Hiding Edges: Part 1- Eraser Tool

You’ve taken the time to create an elaborate SketchUp model, and have the perfect view you want to share. And what sticks out – muddy line work and blurred objects, like those circled here. Distracting, in what’s otherwise a compelling view.

What’s needed is to get rid of all those visible edges within the various entourage objects.You could turn off ALL edges (View / Edge Style menu), but that’s an entirely different look. In a view like this, we’d want some edges to be visible, just not THIS many.

Here’s a close-up of a tree with all its edges. The edges along the trunk look pretty weird, and when zoomed out, the edges bunch closer together, darkening the trunk.

Same situation with the bench and lamp.

Luckily, this is easy to fix, especially if you use components for repeating objects.

The easiest fix is with the Eraser tool. Used on its own, clicking the eraser on an edge deletes that edge, along with any face bordered by the edge. But modifier keys enable you to use the Eraser for other edge tricks.

As an example, take this curved wall, with edges showing along its segments.


Erase any edge, and here’s what disappears: the edge plus the two faces that use that edge.


But if you hold the Shift key while using the Eraser, you can sweep your cursor across all of the lines you want to hide. All “swept” edges turn blue, so you’ll know which ones you have to go back for.


When you release the mouse button, the edges are hidden. If you look closely, you can still see the segmentation where the edges used to be showing. But in a zoomed-out view, nobody will notice.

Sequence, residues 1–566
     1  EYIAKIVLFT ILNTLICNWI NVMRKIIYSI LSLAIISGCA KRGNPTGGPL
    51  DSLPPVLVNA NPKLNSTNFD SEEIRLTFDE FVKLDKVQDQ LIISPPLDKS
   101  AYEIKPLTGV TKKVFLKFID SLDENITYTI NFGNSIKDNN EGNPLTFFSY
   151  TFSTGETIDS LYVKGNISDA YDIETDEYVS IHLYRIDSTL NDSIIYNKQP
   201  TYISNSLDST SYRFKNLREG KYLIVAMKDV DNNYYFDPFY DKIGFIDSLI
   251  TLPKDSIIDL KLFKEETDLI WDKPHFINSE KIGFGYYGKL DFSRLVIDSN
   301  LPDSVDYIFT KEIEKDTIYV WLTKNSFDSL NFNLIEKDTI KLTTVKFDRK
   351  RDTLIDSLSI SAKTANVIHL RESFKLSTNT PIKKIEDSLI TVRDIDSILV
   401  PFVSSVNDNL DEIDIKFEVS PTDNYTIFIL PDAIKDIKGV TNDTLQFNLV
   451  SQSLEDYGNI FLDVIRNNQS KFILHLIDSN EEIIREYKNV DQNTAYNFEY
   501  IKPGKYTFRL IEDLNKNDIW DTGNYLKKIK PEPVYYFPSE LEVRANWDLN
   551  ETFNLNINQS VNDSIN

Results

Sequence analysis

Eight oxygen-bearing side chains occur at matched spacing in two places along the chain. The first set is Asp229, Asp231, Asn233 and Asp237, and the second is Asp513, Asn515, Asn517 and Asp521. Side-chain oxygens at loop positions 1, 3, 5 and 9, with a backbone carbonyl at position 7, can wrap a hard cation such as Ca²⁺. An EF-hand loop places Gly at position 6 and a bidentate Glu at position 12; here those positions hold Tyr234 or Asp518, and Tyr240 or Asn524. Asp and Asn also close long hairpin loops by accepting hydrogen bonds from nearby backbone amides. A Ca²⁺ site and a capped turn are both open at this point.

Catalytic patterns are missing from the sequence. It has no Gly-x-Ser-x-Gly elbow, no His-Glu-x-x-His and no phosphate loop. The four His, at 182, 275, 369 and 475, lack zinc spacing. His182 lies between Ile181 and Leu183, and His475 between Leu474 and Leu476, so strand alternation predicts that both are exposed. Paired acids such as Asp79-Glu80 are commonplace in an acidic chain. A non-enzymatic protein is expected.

If you use the Ctrl (PC) or Option (Mac) key, rather than Shift, you’ll get a different result. This is called softening, rather than hiding, edges. The difference is that with softening, you won’t see the segmentation – the curved wall will look seamless.

What about the trees, benches, lamps? Hiding edges here is a bit trickier. These objects have dozens of tiny edges to hide. Selecting or clicking all of these edges is tedious work. So in Part 2 of this series, I’ll show how to use the Selection Tools extension to make this easier.


About Daniel Tal

Daniel Tal, ASLA, is a professional speaker and a registered landscape architect with over 17 years of experience. He is a 3D modeling and visualization expert, has authored two books with Wiley and Sons: SketchUp for Site Design and Rendering in SketchUp and is the tech-editor at large for Landscape Architecture Magazine. Tal runs a 3D modeling and visualization studio for Stanley Consultants, a 1,000 person multi-disciplinary engineering firm. Read more about Daniel.